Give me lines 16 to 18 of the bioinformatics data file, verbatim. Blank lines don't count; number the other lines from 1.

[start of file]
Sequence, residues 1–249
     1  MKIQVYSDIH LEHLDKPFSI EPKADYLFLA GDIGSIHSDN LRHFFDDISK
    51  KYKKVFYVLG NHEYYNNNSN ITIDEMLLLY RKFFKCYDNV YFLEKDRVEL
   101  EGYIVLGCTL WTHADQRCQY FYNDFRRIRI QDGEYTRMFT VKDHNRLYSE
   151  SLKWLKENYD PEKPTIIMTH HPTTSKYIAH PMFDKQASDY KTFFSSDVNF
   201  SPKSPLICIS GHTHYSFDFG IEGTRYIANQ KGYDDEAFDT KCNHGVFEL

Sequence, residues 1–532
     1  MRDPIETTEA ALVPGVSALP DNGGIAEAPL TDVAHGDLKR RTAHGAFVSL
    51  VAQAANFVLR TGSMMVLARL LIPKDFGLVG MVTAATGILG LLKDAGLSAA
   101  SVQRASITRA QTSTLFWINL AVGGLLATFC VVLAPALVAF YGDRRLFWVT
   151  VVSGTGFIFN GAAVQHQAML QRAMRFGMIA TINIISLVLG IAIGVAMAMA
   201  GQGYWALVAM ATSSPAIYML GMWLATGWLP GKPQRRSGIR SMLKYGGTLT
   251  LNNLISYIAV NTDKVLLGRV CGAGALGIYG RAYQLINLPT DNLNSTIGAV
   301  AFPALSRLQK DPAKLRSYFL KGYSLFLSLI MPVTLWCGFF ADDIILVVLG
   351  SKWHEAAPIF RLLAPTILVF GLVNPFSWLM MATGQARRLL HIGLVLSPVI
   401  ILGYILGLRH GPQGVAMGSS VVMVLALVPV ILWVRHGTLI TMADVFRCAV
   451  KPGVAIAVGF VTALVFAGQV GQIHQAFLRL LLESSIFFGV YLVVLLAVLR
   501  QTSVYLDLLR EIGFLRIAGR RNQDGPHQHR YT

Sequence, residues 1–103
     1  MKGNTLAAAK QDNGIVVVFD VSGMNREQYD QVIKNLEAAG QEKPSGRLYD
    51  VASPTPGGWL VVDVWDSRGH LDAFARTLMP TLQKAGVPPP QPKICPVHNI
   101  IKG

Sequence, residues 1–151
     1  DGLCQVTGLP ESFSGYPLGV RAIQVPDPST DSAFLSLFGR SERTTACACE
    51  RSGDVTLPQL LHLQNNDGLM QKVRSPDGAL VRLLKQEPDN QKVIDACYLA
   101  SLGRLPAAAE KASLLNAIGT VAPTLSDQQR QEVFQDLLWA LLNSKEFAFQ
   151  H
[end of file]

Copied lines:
   401  ILGYILGLRH GPQGVAMGSS VVMVLALVPV ILWVRHGTLI TMADVFRCAV
   451  KPGVAIAVGF VTALVFAGQV GQIHQAFLRL LLESSIFFGV YLVVLLAVLR
   501  QTSVYLDLLR EIGFLRIAGR RNQDGPHQHR YT